Tracy: “We sailed it down the coast of Maine and back the Summer we were married. My, she was yar…”
George: “Yar? What does that mean?”
Tracy: “It means… easy to handle, quick to the helm, fast, right. Everything a boat should be, until she develops dry rot.”
From “The Philadelphia Story” by Philip Barry
Creating a UI auto-layout tool doesn’t require much code. There isn’t any algorithmic complexity; performance isn’t a concern. The difficulty lies in coming up with an design that is easy to learn and use. It should yield code that is easy to write and maintain. It is an API design challenge.
It is awkward to express layout using code no matter whether you use an auto-layout tool like iOS Auto Layout or WeView 2 or just work programmatically. Layout code quickly grows into an unmanageable mound of repetitious spaghetti code. In the interest of maintainability, WeView 2 is tightly focused on the goal of yielding concise, expressive code.
To this end, WeView 2 takes a number of unusual measures.
- Chaining. WeView 2 property setters like [setMargin:] and [setSpacing:] return a reference to the receiver whenever possible to allow chaining, ie. invoking multiple methods on the same instance. Chaining greatly reduces the volume of code needed to configure layout. Chaining doesn’t make for particularly idiomatic Objective-C, but it is a key mechanism for keeping layout code concise. Ultimately, chaining is optional - but if you don’t use it, your code quality will suffer.
- Redundancy. There are tradeoffs between the “There’s More Than One Way To Do It” design philosophy (as exemplified by Perl) and the “There’s Only One Way To Do It” design philosophy (as exemplified by Python). WeView 2 comes down firmly on the “more than one way” side of the argument in the interest of yielding concise code, for example by offering factory and convenience methods. Another example are the horizontal and vertical layouts which are simplified, streamlined versions of the grid layout.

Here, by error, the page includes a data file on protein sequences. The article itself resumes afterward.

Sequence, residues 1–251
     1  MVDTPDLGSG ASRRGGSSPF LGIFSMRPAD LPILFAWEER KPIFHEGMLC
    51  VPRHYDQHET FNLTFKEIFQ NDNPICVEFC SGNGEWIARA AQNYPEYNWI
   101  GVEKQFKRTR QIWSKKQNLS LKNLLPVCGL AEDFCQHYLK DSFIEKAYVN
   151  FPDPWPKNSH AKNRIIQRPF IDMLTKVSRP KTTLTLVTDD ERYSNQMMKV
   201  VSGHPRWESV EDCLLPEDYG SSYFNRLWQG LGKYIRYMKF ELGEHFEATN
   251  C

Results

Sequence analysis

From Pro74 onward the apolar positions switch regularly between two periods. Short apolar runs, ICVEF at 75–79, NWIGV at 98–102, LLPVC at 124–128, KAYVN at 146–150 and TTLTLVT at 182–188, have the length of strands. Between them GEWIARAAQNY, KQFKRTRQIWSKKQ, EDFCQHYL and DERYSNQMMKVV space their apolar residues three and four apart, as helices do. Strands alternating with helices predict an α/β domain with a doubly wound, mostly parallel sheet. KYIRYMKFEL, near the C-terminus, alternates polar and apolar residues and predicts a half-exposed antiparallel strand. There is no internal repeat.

- Concision, Concision, Concision. The downfall of layout code is its tendency to be extremely verbose. Avoid this by any and all means.
- Strive to be lightweight. Stay focused on solving a single problem. Add no third-party dependencies. Play nicely with other layout mechanisms.
- Lower the learning curve. Keep the barrier to entry low and ensure that the library is easy to master through conceptual simplicity, comments and documentation. Leverage existing understanding of HTML and CSS: container-driven, declarative layout. Provide a demo app that let’s users learn how layout works in an interactive sandbox.
- Optimize around the common case. Ground the design in classic use cases. On the other hand, make no assumptions and support unanticipated usage by being extensible.
- Prioritize developer time. Provide convenience accessors, factory methods etc. to make common tasks easier.
- Keep it simple. When in doubt, leave it out.
- Don’t Reinvent The Wheel. WeView 2 leverages and elaborates upon UIKit’s existing layout mechanism.
- Leverage XCode. Take advantage of XCode’s autocomplete.
- Transparency. Developers need to maintain a mental model of how layout works. Stick to a simple, understandable layout model (cell-based layout) and resist the temptation to get fancy.
- Small pieces, loosely joined. Don’t write a super-layout. Let users build complex layouts by composing containers & layouts.
And lastly: Use a Documentation-Driven Design process:
- A good design is easy to understand.
- A design that is easy to understand should be easy to explain using plain language.
- It is easier to spot complexity in the documentation than in the code.
- Write the documentation as you design the API.
- Whenever the documentation becomes complicated or involved, revisit the design.
API Design References
Next: What's New in WeView 2